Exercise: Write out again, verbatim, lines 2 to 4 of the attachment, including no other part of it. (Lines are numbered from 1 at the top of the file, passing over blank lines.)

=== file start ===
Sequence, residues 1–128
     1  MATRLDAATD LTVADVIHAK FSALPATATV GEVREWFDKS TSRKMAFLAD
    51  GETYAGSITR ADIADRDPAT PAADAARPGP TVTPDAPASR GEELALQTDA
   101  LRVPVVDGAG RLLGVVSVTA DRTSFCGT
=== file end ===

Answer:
     1  MATRLDAATD LTVADVIHAK FSALPATATV GEVREWFDKS TSRKMAFLAD
    51  GETYAGSITR ADIADRDPAT PAADAARPGP TVTPDAPASR GEELALQTDA
   101  LRVPVVDGAG RLLGVVSVTA DRTSFCGT